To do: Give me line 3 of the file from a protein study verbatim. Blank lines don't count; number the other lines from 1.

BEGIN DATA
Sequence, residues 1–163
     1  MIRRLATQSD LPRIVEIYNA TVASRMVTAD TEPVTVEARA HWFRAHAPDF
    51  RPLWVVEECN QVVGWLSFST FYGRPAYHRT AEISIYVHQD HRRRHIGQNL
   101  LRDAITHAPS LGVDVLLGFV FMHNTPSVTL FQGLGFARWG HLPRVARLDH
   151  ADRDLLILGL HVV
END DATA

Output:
    51  RPLWVVEECN QVVGWLSFST FYGRPAYHRT AEISIYVHQD HRRRHIGQNL